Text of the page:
Driving on Outback Dirt Roads

Driving on outback Queensland dirt roads

Driving on our Outback Roads can have its moments. While out and about on a recent trip to a remote part of the Carnarvon Range, Craig snapped these photos through the windscreen (while safely stopped at the side of the road). The sight of a road train approaching at speed on a dirt road and hitting a patch of bulldust is something to behold… and be very wary of!

Driving on outback Queensland dirt roads

When you enter that dust cloud, visibility drops to zero. You can’t see the road and any hazards like potholes, cattle grids and the like and you can’t see any traffic following the truck. Even if a vehicle has its’ lights on, it will be very close before you see it!

If you like to get off the beaten track, the best thing you can do when driving our Outback roads if confronted with a similar situation is to slow down and pull well off to the side of the road where it is safe to do so. Let the truck pass, switch your lights on and wait until the dust settles or blows away before moving on. Be very, very careful about pulling back onto the road – don’t do it until you can see clearly. Sometimes road trains travel in twos and threes so if you venture off too early in the dust another truck might be looming not too far behind. Give these big vehicles plenty of respect – a fully laden cattle truck can weigh between 80 and 120 tonnes. That’s not going to stop in a hurry!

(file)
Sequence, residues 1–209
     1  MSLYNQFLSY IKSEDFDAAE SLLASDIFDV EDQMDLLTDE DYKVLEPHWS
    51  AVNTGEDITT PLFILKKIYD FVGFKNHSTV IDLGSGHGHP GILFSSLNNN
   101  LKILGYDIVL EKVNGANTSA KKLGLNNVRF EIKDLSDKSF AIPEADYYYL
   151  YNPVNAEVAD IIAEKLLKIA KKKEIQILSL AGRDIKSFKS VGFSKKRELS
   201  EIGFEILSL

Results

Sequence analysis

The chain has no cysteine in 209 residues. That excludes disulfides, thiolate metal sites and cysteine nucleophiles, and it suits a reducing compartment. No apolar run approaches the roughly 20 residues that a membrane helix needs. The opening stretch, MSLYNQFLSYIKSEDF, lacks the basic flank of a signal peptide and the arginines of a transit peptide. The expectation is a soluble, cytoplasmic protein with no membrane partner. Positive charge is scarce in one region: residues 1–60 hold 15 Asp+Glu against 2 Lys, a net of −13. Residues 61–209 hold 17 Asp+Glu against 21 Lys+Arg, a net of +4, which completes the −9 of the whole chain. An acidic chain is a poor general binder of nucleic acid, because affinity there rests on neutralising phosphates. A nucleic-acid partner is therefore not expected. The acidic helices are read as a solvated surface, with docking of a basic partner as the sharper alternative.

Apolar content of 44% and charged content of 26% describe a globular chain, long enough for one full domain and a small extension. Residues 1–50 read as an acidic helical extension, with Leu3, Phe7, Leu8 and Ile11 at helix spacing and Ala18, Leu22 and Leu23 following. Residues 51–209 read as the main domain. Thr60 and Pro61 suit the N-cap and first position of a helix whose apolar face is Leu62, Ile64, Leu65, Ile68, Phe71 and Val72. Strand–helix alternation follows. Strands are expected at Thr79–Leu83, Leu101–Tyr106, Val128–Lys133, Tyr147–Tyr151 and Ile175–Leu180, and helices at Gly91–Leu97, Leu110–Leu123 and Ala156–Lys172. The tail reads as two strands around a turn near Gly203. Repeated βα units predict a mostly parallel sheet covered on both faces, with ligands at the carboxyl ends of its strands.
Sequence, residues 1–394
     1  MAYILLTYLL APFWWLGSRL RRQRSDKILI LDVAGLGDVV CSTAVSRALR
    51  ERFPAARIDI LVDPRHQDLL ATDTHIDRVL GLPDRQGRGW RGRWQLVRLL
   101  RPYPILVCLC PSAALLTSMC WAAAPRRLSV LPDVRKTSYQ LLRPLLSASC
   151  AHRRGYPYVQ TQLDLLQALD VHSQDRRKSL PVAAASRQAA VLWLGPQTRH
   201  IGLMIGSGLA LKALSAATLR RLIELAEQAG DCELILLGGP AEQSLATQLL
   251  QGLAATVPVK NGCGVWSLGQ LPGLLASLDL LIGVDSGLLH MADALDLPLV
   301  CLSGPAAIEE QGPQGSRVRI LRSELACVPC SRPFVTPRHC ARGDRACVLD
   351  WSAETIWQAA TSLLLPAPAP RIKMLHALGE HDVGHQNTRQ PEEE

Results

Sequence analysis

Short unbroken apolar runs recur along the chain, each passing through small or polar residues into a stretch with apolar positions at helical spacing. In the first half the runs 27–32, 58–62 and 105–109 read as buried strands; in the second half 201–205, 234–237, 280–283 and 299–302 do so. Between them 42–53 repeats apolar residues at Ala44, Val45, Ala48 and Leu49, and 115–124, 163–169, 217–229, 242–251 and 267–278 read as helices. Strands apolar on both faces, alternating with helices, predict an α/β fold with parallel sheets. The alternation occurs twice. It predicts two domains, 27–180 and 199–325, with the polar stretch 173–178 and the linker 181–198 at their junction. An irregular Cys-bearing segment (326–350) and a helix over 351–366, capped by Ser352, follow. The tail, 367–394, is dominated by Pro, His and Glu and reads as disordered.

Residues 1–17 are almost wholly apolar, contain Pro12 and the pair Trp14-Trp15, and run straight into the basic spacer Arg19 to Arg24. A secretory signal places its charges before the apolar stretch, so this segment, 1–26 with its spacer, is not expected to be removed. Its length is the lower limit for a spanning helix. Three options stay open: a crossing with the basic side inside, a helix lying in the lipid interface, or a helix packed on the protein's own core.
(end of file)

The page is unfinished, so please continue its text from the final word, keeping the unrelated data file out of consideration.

Another common situation is catching up with a slower vehicle travelling in the same direction. This might be a road train, a smaller truck or another four-wheel drive. Trying to overtake in a zero-visibility dust cloud  is a really bad idea. For smaller vehicle you may be able to get close enough to flash your lights to alert the driver ahead. Watch and wait – the driver may slow down and pull over to let you safely past. Don’t rush this!

Driving on outback Queensland dirt roads

For large vehicles, particularly when the dust cloud is blowing back along the road, you have little hope of approaching near enough to be seen. If your vehicle is fitted with a UHF radio you can try contacting the driver ahead on Channel 40. Be courteous and you may be able to arrange a passing opportunity with the driver ahead. Otherwise, you will just have to be patient and wait for a stretch of sealed road before you can pass. If you know you still have a long stretch of dusty road ahead, consider taking a break. Boil the billy, stretch  the legs and do a little birdwatching or sight-seeing. You’re on holidays – there’s no rush!

So take your time on our Outback roads and keep safe while on your adventure.

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